Throughout human history messengers have appeared when the longing for a connection with the higher parts of our nature is sincere and true. The primal impulse for this connection lies within us because we would like to drink from the Source in order to bring to flower the seed sleeping in our heart with the help of a teacher. The teacher cannot carry out the task for us, but can provide signposts for coping with our many problems and for eventually overcoming them. Just as fertile ground combined with the gardener’s diligence allows each seed to bring forth flowers of special scent, color, and beauty, so the teacher like a gardener can help foster the growth of the human soul. Such a teacher may appear in different forms: as a buddha, an avatara like Jesus or Krishna, a tulku, mahatma, or other messenger. We also find various scriptures dating back to some great teacher which may bring inspiration and instruction into our lives. But every success on the path depends only on the determined will of each individual to start working independently and to put their feet on the first rung of the ladder.
The initiative to start successfully along the path lies within ourselves, all else are impulses from without to stimulate and support our own self-directed growth if we have “eyes to see and ears to hear.” The field for our work is daily life, all the small duties turning up from morning to night — at home, in the office, with neighbors, and with those we meet “accidentally” along the road. The challenges are manifold: How can I help, how can I be compassionate, brotherly? How do I behave to be pure of heart? Hints and instructions about how to gain insight into these truths can be found in all cultures. For example, in the Dhammapada the Buddha says:
Those who take the non-real for the real and the real for the non-real and thus fall victims to erroneous notions, never reach the essence of reality.
Having realized the essential as the essential and the nonessential as the nonessential, they by thus following correct thinking attain the essential.
The Tao Te Ching advises:
Act without action, assert non-assertion, find the taste in the tasteless, treat the small as great and the few as many. Requite injuries with good deeds. Deal with the hard while it is still easy, and the great while it is still small. The most difficult things originate in the easy, and the largest issues in what is small. Therefore the Sage never has to deal with the great, and so achieves greatness. — ch. 63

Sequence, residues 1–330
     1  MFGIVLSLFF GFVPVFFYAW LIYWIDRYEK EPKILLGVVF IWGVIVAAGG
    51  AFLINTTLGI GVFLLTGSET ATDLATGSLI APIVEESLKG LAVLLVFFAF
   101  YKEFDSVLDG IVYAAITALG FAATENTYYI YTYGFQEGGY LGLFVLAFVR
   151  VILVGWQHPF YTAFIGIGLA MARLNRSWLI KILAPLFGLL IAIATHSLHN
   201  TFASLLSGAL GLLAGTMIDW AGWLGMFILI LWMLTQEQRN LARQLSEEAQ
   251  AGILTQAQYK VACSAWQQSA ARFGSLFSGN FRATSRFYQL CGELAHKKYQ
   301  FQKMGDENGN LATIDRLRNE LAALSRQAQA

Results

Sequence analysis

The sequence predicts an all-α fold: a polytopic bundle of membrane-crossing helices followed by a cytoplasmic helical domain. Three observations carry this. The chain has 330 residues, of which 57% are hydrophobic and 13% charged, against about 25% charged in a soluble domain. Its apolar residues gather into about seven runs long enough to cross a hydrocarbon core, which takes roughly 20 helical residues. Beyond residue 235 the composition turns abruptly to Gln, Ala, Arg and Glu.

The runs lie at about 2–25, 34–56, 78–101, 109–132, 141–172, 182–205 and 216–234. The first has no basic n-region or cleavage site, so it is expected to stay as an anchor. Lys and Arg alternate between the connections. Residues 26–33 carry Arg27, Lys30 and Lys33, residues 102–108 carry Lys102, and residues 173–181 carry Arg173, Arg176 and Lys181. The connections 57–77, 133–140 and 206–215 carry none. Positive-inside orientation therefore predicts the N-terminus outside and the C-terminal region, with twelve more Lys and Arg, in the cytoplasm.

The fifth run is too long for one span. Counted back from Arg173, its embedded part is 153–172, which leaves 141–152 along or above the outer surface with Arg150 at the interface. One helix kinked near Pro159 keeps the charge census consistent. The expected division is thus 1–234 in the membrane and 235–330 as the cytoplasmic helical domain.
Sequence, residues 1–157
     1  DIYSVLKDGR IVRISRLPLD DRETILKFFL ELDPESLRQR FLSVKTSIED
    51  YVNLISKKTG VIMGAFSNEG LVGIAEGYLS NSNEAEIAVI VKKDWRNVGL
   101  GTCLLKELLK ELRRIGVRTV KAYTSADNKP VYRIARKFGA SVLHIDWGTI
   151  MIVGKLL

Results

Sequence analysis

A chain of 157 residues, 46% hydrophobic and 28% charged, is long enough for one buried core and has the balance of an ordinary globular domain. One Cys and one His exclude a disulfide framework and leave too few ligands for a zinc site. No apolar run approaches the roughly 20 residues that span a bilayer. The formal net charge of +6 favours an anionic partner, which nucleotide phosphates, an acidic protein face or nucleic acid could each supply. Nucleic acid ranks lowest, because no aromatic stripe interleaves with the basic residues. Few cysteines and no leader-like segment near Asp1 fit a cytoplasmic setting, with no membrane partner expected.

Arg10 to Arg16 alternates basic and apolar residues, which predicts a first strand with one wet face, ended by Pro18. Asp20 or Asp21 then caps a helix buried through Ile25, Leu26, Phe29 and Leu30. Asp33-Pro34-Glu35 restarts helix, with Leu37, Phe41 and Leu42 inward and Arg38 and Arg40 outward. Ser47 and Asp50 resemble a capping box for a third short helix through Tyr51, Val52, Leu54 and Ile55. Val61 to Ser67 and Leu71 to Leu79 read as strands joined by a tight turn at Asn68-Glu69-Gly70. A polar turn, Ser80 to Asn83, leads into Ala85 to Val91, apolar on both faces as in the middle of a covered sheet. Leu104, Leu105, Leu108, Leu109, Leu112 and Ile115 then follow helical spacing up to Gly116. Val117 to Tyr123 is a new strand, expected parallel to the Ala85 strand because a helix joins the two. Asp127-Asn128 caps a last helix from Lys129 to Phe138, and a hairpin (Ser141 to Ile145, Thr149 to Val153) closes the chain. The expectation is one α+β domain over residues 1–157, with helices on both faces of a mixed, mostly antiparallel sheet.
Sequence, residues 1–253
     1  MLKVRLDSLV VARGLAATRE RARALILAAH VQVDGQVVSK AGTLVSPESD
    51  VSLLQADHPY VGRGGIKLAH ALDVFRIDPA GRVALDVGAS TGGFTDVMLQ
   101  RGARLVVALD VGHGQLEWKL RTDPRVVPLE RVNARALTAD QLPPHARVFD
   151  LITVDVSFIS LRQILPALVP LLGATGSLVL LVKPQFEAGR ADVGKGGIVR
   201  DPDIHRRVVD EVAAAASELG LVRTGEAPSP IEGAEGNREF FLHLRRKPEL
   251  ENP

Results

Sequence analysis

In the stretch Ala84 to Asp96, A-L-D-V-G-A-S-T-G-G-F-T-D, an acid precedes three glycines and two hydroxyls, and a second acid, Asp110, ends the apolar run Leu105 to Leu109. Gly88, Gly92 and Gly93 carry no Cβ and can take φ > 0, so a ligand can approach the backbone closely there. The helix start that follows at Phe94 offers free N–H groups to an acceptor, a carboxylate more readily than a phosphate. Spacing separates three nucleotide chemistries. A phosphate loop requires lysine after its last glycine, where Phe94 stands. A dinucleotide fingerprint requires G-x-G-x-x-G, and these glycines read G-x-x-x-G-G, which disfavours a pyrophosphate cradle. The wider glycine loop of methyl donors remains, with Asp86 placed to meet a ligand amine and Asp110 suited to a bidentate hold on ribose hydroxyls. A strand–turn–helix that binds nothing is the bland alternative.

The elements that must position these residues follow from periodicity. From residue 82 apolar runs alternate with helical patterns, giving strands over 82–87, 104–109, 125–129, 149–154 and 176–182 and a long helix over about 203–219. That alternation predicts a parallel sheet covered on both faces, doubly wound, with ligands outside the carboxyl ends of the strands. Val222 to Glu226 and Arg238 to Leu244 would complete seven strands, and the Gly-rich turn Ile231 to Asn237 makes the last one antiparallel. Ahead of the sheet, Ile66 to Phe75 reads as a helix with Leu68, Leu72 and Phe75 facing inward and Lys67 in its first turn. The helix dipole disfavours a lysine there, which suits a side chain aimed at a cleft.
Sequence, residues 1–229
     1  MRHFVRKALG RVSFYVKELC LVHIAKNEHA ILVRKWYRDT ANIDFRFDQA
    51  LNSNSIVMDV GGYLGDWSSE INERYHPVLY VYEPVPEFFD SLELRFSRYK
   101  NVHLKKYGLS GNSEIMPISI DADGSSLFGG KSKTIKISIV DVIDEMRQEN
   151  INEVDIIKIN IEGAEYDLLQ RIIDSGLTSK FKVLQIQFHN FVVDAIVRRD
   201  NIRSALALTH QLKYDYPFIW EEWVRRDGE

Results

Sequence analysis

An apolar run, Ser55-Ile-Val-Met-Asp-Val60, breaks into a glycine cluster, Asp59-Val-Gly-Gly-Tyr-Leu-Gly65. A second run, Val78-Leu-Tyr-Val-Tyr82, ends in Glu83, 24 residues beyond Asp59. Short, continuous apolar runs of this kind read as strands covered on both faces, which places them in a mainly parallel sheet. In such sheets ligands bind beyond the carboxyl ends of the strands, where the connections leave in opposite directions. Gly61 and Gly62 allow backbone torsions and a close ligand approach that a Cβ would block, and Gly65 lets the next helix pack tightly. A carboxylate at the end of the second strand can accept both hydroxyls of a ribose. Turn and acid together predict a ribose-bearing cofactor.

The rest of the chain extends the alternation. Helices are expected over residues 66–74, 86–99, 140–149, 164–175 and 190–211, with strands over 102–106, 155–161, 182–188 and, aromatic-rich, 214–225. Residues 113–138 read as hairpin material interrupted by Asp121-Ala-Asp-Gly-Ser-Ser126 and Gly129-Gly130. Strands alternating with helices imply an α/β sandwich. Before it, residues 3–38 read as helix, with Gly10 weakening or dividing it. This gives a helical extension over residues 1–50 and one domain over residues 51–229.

And all over the world we find expressions of the Golden Rule: do to others as you would have them do to you.
World scriptures and traditions explain how acting ethically may become a bridge leading from our lower nature to an ever fuller understanding of our higher nature, from the transitory to the lasting, from the false to the true, from darkness to light, from the personal to the impersonal, from being driven by earthly desires to distinguishing between good and evil, from a life focused on sensations to a balanced state in which the opposite poles are given their due places, the lower nature becoming the servant of the higher.
(From Sunrise magazine, Winter 2007; copyright © 2006 Theosophical University Press)
Spiritual Path Menu
Sometimes it is in the smallest things that we find solace, that we discover greatness. “As above, so below” expresses the Hermetic universal law of analogy. We see the great in the small and the small in the great. A candle or a star — each carries a flame toward the future and lights our way. In the swirl of drain water descending we see the image of a galaxy forming.
Flower in a crannied wall,
I pluck you out of the crannies,
I hold you here, root and all, in my hand,
Little flower — but if I could understand
What you are, root and all, and all in all,
I should know what God and man is.
— Alfred, Lord Tennyson
As we journey through our lives we pass innumerable “things.” We encounter countless images, from the huge to the infinitesimal. All these come from one Life, from one Source. They are clues which trigger us to ask the larger questions; signposts for us to stop and wonder at the unity and harmony inherent in all things.— S.J.O.